Uzemchin in Mongolia

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People Name: Uzemchin
Country: Mongolia
10/40 Window: Yes
Population: 2,400
World Population: 2,400
Primary Language: Mongolian, Peripheral
Primary Religion: Buddhism
Christian Adherents: 1.00 %
Evangelicals: 0.70 %
Scripture: Complete Bible
Online Audio NT: No
Jesus Film: Yes
Audio Recordings: Yes
People Cluster: Mongolian
Affinity Bloc: East Asian Peoples
Progress Level:

Introduction / History

The Uzemchin Mongols live in south and east Mongolia. They are one of the smaller groups of the Mongols who are not Khalkhas, who make up 70% of the Mongolian population. The vast majority of the Uzemchin Mongols live in Inner Mongolian in the north central region of the China. In 1945 a group of 2000 Uzemchins left Inner Mongolia for the nation of Outer Mongolia. These people are the Uzemchins who live in east Mongolia today.

The traditions of the Uzemchin lifestyle are similar to other Mongols. They practice a nomadic life based on seeking water and greenery for their herds and flocks of animals. Illiteracy is a major problem for the Uzemchin. Their children often quit school early to help with the animals that their family owns and cares for.

The Uzemchin speak Peripheral Mongolian. They also understand and speak Khalkha or Halh Mongolian, the main language of the nation. The New Testament and the JESUS Film are available in Peripheral Mongolian.

Where Are they Located?

The Uzemchin Mongols live in south and east Mongolia. Many more live in Inner Mongolia in China.

What Are Their Lives Like?

The life of the Uzemchin depends upon where they live. Most roam the Mongolian countryside searching for water and grass for their animals. They raise horses, cattle, yaks, camel, sheep and goats. They live in a circular tent called a yurt. The yurt may be taken down and moved easily. In winter they travel down to warmer plains of the lower elevations. In summer they seek the cooler temperatures and greenery of the higher mountain valleys. The Mongols have practiced these movements for hundreds of years. Some Uzemchins are moving to the cities. They want to take advantage of economic and educational opportunities found in the cities.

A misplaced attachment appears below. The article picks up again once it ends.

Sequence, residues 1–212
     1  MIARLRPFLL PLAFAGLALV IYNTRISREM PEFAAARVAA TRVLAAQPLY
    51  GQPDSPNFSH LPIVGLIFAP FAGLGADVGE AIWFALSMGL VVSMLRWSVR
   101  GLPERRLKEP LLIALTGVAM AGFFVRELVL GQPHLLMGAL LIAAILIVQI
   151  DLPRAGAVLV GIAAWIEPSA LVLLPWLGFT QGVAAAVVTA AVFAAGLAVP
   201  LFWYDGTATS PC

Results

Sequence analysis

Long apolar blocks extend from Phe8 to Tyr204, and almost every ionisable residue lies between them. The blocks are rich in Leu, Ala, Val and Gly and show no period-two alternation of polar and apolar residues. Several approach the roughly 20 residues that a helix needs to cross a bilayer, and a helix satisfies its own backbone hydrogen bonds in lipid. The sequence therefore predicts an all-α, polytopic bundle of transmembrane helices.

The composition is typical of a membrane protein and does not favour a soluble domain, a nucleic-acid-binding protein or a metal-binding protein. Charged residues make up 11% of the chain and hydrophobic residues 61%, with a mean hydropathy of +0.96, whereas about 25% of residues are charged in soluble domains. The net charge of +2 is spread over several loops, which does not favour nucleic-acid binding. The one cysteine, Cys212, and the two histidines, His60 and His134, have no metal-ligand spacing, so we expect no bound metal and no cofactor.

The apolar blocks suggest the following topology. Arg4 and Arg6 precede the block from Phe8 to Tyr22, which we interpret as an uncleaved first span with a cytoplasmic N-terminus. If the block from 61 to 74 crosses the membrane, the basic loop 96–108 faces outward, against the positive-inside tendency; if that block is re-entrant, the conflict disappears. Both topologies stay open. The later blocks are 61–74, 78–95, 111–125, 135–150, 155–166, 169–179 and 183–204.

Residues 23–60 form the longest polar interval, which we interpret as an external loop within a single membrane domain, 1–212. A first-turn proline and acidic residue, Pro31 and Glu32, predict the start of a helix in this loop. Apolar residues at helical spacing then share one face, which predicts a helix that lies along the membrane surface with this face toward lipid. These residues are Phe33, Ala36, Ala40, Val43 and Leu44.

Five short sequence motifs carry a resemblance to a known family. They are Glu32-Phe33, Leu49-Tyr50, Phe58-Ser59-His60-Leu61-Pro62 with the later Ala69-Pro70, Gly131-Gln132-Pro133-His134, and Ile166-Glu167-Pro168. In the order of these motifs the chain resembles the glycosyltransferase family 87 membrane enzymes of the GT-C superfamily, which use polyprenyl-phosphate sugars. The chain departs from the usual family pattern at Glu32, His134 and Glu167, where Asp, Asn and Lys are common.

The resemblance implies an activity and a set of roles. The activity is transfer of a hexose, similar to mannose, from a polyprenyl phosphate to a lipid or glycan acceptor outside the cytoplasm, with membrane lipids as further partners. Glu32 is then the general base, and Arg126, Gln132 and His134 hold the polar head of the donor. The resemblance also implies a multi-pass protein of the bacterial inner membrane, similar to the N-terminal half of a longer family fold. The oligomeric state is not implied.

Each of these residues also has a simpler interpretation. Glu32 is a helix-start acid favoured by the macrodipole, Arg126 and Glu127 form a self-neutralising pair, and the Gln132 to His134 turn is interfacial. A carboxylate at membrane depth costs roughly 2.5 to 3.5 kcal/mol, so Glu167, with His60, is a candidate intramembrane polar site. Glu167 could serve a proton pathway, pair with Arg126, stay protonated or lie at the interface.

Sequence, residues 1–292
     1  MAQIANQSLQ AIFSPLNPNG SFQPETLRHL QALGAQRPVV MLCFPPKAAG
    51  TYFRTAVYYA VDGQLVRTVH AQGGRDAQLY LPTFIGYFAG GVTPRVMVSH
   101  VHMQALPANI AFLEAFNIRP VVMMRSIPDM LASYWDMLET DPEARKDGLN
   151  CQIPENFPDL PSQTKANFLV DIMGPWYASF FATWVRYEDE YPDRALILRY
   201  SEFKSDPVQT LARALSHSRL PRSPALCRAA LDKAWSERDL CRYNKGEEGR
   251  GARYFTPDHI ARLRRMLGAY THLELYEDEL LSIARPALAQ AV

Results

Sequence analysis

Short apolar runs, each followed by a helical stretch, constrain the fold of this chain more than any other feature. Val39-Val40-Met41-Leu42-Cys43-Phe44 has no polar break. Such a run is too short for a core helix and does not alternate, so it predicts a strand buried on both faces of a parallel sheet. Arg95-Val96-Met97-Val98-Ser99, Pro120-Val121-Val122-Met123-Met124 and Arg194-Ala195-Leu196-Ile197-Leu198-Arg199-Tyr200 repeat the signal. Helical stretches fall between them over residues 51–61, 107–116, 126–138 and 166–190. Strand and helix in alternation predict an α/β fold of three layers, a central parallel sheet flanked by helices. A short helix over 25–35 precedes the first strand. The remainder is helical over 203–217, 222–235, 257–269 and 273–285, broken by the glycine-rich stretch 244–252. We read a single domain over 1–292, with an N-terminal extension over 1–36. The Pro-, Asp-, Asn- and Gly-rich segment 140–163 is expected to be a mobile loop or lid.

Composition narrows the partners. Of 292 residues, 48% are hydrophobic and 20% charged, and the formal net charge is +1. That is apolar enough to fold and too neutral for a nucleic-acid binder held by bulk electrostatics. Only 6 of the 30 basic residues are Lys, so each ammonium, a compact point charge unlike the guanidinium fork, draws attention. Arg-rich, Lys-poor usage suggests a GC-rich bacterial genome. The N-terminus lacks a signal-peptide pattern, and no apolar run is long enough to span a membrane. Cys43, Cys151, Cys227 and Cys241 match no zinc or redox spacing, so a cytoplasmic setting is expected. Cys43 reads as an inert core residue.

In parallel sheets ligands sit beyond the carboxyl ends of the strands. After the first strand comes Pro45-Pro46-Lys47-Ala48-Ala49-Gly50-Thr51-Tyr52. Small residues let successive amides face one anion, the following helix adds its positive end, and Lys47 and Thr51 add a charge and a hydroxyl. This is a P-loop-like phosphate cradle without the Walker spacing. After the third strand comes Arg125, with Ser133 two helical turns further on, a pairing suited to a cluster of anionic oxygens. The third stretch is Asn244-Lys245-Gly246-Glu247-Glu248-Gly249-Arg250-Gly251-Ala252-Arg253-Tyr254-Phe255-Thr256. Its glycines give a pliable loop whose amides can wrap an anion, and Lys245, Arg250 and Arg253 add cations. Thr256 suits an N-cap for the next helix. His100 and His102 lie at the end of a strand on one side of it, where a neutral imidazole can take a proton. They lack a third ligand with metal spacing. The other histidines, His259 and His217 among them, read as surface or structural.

The diet of the Uzemchin consists mainly of animal products, meat and dairy. Their favorite drink is fermented mare's milk. The Uzemchin trade meat, dairy products and skins for household items they are unable to make for themselves.

Families arrange marriages with the consent of the young people. Sons inherit the tents and animals of their father.
The Uzemchin hold a large yearly meeting, which has become something of a tourist attraction. At this meeting, they eat a special mixture of millet and renew their social ties with other clans.
Because the cold climate, the Uzemchin must wear heavy clothing. The distinctive dresses of the women are full of bright colors, intricate embroidery and long chains of beads. These dresses can be considered a form of their artistic expression.

What Are Their Beliefs?

A little over half of the Uzemchin claim to be Tibetans Buddhists. They mix their Buddhism with folk religion. The Uzemchin consult a local clan shaman for medical problems before they see a physician. The shaman performs rituals to appease evil spirits and to try to ensure the health of people and their animals.

Almost one third of the Uzemchin profess no religion. This is probably a result of the influence of the Soviet Union, which dominated Mongolian government from the 1920s to the collapse of the Soviet Union in 1990. There is a tiny group of Christians among the Uzemchin.

What Are Their Needs?

The Uzemchin need help in educating their children. They would benefit with access to modern medicine and veterinary science. Most of all the Uzemchin need to hear the life-changing message of Jesus Christ who alone can forgive their sins and give them protection from the evil spirits they fear.

Prayer Points

Pray the Lord sends workers to the Uzemchin so that they can hear the gospel.
Pray the small group of Uzemchin believers is established in the faith and desire to share the good news with their brothers and sisters.
Pray the Lord opens the hearts of the Uzemchin so they might be receptive to the truths given in the Bible.

Text Source:   Keith Carey